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1911–2004, American President.
Born Tampico, Ill.
Reagan, an actor turned politician, a New Dealer turned conservative, came to films and politics from a thoroughly Middle-American background—middle class, Middle West, and small town. He was born in Tampico, Ill., Feb. 6, 1911, the second son of John Edward Reagan and Nelle Wilson Reagan; the family later moved to Dixon, Ill. His father was a shop clerk and merchant with Democratic sympathies. It was an impoverished family; young Ronald sold homemade popcorn at high school games and worked as a lifeguard to earn money for his college tuition. When his father got a New Deal WPA job, the future president became an ardent Roosevelt Democrat.
Reagan earned a BA degree in 1932 from Eureka (Ill.) College, where a photographic memory aided in his studies and in debating and college theatricals. During the Depression, he made $100 a week as a sports announcer for radio station WHO in Des Moines, Iowa. His career as a film and TV actor stretched from 1937 to 1966, and his salary climbed to $3,500 a week. As a World War II captain in army film studios, Reagan recoiled from what he saw as the laziness of civil service workers, and moved to the Right. As president of the Screen Actors Guild, he resisted what he considered a Communist plot to subvert the film industry. With advancing age, Reagan left leading-man roles and became a television spokesman for the General Electric Company.
With oratorical skill as his trademark, Reagan became an active Republican. In 1966, at the behest of a small group of conservative businessmen, he ran for governor of California with a pledge to cut spending; he was elected by almost a million votes over the political veteran, Democratic governor Edmund G. Brown. Reelected to a second term, he served as governor until 1975.
In the 1980 election battle against Jimmy Carter, Reagan broadened his appeal by espousing moderate policies, gaining much of his support from disaffected Democrats and blue-collar workers. The incoming administration immediately set out to “turn the government around” with a new economic program. Over strenuous congressional opposition, Reagan pushed through his “supply side” economic program to stimulate production and control inflation through tax cuts and sharp reductions in government spending. However, in 1982, as the economy declined into the worst recession in 40 years, the president's popularity slipped and support for supply-side economics faded.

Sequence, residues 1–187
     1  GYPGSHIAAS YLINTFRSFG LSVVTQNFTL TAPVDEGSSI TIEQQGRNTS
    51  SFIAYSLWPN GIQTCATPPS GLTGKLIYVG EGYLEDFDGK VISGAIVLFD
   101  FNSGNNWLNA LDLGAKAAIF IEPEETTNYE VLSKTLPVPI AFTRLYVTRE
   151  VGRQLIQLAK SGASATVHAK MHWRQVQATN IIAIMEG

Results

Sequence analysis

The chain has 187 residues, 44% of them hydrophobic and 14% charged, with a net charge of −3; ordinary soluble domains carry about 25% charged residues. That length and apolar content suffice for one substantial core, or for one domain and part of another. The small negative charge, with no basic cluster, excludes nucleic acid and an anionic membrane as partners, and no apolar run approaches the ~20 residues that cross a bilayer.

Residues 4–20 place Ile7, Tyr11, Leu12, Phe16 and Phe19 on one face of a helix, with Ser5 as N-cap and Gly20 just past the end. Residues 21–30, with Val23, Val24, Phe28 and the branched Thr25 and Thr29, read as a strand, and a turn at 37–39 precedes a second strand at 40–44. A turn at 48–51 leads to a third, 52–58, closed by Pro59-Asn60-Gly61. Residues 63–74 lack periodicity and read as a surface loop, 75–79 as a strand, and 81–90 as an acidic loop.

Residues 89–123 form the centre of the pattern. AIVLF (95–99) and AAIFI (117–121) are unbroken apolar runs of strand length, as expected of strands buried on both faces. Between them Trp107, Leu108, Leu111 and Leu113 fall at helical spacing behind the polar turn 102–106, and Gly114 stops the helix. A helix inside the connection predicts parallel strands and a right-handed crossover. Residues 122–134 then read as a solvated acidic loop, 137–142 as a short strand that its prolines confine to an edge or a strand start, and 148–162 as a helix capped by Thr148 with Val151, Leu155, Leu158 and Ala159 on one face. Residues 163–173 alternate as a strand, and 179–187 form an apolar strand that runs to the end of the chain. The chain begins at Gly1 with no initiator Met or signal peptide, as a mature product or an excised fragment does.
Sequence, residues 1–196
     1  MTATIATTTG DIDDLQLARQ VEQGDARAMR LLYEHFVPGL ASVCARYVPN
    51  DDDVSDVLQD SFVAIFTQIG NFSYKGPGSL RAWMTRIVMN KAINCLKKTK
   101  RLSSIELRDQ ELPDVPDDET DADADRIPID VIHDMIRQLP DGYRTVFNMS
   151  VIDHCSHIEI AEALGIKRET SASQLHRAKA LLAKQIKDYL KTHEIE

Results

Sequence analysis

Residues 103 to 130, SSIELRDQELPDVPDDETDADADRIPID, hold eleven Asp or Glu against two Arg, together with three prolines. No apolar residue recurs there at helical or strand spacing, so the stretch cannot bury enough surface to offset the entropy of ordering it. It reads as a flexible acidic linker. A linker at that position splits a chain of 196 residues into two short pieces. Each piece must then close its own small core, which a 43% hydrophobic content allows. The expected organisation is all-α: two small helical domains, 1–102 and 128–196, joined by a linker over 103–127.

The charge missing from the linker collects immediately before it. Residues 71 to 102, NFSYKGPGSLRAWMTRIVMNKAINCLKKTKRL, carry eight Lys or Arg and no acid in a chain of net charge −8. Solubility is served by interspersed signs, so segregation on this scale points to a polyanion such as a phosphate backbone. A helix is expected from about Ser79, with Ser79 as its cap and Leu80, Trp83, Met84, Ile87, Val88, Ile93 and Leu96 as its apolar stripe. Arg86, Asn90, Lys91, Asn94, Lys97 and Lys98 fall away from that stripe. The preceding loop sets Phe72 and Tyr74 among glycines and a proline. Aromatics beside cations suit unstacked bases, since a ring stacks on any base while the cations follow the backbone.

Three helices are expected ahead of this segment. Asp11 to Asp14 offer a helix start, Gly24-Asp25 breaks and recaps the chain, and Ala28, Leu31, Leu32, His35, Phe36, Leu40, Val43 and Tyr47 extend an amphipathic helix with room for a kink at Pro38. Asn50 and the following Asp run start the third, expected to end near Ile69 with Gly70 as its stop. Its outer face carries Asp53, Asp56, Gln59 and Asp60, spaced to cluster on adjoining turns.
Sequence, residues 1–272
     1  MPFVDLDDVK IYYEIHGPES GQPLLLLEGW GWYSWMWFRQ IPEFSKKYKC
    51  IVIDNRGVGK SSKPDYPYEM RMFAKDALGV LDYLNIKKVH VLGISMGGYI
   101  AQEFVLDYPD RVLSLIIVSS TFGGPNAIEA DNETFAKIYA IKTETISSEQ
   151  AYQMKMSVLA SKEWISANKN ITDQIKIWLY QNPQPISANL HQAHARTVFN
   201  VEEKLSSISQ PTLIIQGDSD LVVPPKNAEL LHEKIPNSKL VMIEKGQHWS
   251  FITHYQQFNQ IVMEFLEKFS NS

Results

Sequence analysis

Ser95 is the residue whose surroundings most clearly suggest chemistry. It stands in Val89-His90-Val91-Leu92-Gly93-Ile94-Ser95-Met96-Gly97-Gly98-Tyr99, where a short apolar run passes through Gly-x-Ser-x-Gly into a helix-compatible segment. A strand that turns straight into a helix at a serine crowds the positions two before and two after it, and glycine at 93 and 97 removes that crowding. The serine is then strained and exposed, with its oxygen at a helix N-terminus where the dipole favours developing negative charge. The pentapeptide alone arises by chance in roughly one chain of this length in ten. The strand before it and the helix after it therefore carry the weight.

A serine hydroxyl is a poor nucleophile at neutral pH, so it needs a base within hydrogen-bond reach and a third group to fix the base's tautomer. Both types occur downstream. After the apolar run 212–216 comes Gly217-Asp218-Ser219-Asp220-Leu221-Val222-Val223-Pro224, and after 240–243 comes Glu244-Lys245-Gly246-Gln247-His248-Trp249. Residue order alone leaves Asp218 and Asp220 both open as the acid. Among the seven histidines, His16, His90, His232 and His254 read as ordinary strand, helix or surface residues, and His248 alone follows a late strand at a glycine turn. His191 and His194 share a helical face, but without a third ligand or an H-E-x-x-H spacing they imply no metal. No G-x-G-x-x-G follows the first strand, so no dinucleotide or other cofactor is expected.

Barely three months into his first term, Reagan was the target of an assassin's bullet; his courageous comeback won public admiration. The president also won high acclaim for his nomination of Sandra Day O'Connor as the first woman on the Supreme Court. His later nominations met increasing opposition and did much to tilt the Court's orientation to the Right.
Internationally, Reagan confronted numerous problems in his first term. In an effort to establish order on the Caribbean island of Grenada and eliminate the Cuban military presence there, Reagan ordered an invasion of the tiny nation on Oct. 25, 1983. The troops met strong resistance from Cuban military personnel on the island but soon occupied it. Another military effort, in Lebanon, ended in failure, however. U.S. Marines engaged as part of a multinational peacekeeping force in Beirut were forced to withdraw in 1984 after a disastrous terrorist attack left 241 marines dead.
With the economy improving and inflation under control, the popular president won reelection in a landslide in 1984. Domestically, a tax reform bill that Reagan backed became law. But the constantly growing budget deficit remained an irritant, with the president and Congress persistently at odds over priorities in spending for defense and domestic programs. Congress was also increasingly reluctant to increase spending for the Nicaraguan “Contras.” But even severe critics praised Reagan's restrained but decisive handling of the crisis following the hijacking of an American plane in Beirut by Muslim extremists. The attack on Libya in April 1986 galvanized the nation, although it drew scathing disapproval from the NATO alliance.
Reagan's popularity with the public dipped sharply in 1986 when the Iran-Contra scandal broke, shortly after the Democrats gained control of the Senate. The weeks-long congressional hearings in the summer of 1987 heard an array of administration officials, present and former, reveal a web of deceit and undercover maneuvering in the White House. Yet the president's personal reputation remained untouched; on Aug. 12, 1987, he told the nation that he had not known of questionable activities but agreed that he was ultimately accountable.
Reagan's place in history will rest, perhaps, on the short- and intermediate-range missile treaty consummated on a cordial visit to the Soviet Union that he had once reviled as an “evil empire.” Its provisions, including a ground-breaking agreement on verification inspection, were formulated in four days of summit talks in Moscow in May 1988 with the Soviet leader, Mikhail S. Gorbachev. Reagan could point to numerous domestic achievements as well: sharp cuts in income tax rates, creating economic growth without inflation, and reducing the unemployment rate, among others. He failed, however, to win the “Reagan Revolution” on such issues as abortion and school prayer.
Reagan married his wife, Nancy, four years after his divorce from the screen actress Jane Wyman. The children from his first marriage are Maureen, his daughter by Wyman, and Michael, an adopted son. He had two children by Nancy: Patricia and Ron. Reagan suffered from Alzheimer's disease, which he developed around 1994, and died in Los Angeles on June 5, 2004.
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